This means taking care of capital, operational, and other expenses necessary to keep the business running or financing new business ventures.

On the other hand, an intrapreneur has no responsibility in raising capital or putting in investment for the business to operate or for products to be made.

The intrapreneur will not shoulder any expense or any monetary resource needed for the business's endeavors.

Enterprise and Vision

In terms of enterprise, the entrepreneur creates and establishes the business organization.

On the other hand, the intrapreneur enters the business to become a part of it.

For instance, he could be an employee or an intern responsible for driving product and service innovation.

When an entrepreneur sets a vision, he makes sure that he prioritizes his work, services, and products with good social and economic value.

In contrast, to that of an intrapreneur, the concern would be to keep the business enterprise thriving and sustained in the marketplace.

Risks and Liability

The entrepreneur is always the person to take in all the risks and liabilities of the business.

With 100 percent investment, any loss, expense, or accountability is managed by the entrepreneur alone.

In comparison, an intrapreneur is only liable for the areas covered by his role.

Still, these rarely come in monetary form or have anything to do with the business's standing in the market.

Moreover, these are usually minor ones, as the significant risks concerning the business as a whole are beyond his pay grade.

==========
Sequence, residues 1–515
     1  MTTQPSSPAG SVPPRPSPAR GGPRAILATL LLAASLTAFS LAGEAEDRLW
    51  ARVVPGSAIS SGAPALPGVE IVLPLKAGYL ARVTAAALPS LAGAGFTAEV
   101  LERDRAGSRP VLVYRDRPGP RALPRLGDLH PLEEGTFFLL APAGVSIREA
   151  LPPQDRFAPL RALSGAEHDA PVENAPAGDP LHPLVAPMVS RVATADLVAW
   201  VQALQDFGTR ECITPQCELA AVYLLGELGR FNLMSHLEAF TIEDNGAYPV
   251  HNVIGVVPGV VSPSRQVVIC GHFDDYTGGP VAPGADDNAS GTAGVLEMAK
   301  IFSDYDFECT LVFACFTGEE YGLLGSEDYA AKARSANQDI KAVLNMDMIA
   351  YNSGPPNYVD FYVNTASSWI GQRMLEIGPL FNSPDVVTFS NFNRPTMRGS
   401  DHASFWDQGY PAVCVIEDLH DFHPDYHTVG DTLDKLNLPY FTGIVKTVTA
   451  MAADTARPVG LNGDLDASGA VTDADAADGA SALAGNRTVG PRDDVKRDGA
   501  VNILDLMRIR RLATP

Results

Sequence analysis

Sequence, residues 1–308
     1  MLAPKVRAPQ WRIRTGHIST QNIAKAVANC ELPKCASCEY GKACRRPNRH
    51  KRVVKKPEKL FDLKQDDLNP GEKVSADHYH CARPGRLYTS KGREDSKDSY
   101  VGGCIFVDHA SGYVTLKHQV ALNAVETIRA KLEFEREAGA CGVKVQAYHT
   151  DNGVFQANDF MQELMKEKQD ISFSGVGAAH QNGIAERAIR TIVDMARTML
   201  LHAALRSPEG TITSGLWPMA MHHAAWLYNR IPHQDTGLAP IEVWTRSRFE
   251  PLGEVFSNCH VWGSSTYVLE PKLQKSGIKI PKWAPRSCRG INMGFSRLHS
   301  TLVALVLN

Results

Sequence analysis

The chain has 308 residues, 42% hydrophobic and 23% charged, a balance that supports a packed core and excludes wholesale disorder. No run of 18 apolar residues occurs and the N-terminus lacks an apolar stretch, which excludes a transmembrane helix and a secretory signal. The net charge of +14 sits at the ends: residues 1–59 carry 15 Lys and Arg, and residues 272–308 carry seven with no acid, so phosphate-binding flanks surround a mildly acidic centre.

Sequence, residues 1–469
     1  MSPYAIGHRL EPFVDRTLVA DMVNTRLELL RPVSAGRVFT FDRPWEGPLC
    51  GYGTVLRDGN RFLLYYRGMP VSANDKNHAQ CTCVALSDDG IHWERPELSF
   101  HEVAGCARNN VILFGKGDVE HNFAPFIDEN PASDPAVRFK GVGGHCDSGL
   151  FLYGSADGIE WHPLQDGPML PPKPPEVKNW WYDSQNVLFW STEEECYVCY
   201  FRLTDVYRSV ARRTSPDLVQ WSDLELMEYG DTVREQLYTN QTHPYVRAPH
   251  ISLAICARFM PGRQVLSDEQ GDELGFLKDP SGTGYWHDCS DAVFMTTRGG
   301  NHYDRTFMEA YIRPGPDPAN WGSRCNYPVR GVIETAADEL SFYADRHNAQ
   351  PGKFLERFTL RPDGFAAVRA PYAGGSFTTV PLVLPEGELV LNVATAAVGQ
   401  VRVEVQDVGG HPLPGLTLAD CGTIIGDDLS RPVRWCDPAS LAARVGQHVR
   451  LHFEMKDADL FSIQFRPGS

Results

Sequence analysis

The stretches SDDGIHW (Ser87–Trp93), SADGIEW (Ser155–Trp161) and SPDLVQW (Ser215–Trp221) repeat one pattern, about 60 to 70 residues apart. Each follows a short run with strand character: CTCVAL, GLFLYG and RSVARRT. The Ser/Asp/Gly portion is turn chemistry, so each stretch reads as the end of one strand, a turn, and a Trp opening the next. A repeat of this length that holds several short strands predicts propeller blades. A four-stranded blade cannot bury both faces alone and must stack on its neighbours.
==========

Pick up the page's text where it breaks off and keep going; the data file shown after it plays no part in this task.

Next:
what is the difference between entrepreneur and intrapreneur

Dependency and Freedom

An entrepreneur has complete autonomy and independence.

There is no superior or boss to answer to because he is free to do whatever he wants for his business.

However, his actions are dependent on what the business enterprise needs.

On the flip side, the intrapreneur is entirely dependent on the entrepreneur.

He has the authority to innovate and direct efforts to improve processes concerning products and services.

However, his directives and actions will come from the entrepreneur and fall under the limitations of the company's policies.

Behavior, Traits, and Creativity

Both roles are similar in terms of professionalism, creativity, discipline, and innovativeness.

As a result, each will want to read materials that can help improve their craft and find tools and steps they need to take in their money-making ventures.

An entrepreneur will always think outside the box and demonstrate aggressiveness, flexibility, speed, and adaptability.

There are no limits to an entrepreneur's creativity, as opposed to an intrapreneur, which is limited to the confines of the organization.

The intrapreneur will be concerned more with leadership, professionalism, and entrepreneurship.